So here I am, Senator Sanders, a young woman from Ohio, asking you to consider the fact that while the words you speak may be coming from a well-intended place, you are furthering the stigmas and stereotypes which have plagued a branch of health and wellness for far too long. Instead of using the actions of the opposing party to get a few laughs, why don’t you focus on ways in which you will help the mental health community facilitate our own well-being in the face of misunderstanding and under-education. Perhaps then, you would be able to see why making jokes about mental health isn’t funny-it’s just plain rude.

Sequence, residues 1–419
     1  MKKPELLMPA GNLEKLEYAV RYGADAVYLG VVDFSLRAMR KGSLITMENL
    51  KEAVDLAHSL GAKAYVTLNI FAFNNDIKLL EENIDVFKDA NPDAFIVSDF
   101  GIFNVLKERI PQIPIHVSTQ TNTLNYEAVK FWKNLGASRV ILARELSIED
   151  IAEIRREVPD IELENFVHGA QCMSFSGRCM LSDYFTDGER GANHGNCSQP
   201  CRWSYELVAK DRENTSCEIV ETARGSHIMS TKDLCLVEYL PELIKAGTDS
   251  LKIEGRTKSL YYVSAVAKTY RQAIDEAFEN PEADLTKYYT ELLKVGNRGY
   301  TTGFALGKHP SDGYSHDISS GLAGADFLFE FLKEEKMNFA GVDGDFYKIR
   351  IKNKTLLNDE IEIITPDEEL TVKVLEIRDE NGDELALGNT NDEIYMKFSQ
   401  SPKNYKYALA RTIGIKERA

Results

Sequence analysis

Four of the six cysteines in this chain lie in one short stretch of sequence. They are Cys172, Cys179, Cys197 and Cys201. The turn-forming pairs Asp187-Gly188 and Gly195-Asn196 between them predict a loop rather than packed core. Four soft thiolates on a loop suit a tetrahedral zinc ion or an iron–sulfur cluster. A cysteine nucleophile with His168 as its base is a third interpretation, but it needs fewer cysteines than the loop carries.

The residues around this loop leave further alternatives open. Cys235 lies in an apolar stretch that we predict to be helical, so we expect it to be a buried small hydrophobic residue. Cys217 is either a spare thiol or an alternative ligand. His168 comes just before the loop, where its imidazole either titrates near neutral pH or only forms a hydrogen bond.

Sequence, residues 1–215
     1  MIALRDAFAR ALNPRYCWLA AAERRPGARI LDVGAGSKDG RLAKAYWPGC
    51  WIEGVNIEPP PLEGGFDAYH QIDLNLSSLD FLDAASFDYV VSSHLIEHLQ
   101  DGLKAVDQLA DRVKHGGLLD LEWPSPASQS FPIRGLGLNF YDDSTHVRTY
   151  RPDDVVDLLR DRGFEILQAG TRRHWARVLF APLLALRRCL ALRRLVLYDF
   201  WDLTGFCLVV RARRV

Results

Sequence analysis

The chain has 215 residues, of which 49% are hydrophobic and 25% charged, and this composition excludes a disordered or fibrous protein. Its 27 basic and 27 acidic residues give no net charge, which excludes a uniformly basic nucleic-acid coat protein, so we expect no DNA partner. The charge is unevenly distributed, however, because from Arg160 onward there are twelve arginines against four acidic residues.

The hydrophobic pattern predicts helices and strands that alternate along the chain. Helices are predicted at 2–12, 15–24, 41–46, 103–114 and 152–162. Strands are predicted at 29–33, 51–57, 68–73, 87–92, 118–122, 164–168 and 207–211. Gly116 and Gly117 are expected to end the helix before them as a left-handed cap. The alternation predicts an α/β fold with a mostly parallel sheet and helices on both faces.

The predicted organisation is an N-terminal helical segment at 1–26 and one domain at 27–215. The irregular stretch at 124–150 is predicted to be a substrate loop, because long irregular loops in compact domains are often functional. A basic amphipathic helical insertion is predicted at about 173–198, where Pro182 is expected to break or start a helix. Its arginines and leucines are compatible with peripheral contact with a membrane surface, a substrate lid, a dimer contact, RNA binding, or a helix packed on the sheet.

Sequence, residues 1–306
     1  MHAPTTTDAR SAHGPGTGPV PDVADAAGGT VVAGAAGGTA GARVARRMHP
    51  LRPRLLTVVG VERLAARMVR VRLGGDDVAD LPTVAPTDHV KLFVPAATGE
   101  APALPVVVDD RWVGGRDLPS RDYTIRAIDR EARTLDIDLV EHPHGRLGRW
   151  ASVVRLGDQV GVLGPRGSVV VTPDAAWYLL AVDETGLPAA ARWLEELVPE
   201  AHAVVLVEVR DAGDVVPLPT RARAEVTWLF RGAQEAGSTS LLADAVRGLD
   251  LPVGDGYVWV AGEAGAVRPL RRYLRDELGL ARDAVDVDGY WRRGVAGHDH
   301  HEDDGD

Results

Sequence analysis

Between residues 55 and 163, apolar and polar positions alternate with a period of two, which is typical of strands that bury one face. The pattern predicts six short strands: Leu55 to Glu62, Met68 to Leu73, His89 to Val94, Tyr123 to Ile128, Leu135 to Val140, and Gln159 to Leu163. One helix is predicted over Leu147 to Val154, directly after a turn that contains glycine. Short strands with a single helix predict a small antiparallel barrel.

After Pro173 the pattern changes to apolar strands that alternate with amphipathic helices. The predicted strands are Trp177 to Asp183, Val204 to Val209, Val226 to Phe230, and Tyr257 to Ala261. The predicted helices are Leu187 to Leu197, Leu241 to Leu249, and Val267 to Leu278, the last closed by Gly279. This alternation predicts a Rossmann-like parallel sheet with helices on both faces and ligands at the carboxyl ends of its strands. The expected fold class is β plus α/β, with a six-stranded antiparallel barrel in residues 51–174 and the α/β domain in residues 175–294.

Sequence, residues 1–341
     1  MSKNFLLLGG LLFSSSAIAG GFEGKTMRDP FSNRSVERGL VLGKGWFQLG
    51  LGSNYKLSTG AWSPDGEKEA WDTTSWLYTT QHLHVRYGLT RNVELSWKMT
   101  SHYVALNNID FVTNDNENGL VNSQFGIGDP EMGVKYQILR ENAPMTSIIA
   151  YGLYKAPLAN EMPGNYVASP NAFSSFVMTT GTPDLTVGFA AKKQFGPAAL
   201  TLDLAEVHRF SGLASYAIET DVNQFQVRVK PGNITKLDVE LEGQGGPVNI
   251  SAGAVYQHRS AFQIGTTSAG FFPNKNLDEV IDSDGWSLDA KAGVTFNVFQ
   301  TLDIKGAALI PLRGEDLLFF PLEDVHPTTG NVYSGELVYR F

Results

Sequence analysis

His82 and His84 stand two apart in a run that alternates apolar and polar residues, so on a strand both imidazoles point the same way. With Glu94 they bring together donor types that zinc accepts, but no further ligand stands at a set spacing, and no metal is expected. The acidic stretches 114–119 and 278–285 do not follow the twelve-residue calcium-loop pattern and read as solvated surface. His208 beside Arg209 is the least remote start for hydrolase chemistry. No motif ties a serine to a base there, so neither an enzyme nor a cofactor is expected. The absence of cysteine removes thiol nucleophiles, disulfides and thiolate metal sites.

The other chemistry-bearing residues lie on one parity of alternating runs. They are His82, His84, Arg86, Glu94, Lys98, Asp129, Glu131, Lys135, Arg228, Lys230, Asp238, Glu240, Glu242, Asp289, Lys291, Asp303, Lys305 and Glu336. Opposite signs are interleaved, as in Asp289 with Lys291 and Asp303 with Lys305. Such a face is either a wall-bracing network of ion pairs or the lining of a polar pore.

Thank you for your time.

Best,

Michelle Brewer-Bunnell

A Concerned Citizen

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The Day I Found Out What it is to be a WOMAN

  

Today I was going to blog about eating disorders, but then I had an experience that changed my entire outlook on life-and all that it means. While I do not have everything figured out, I need to explain a lot of background first.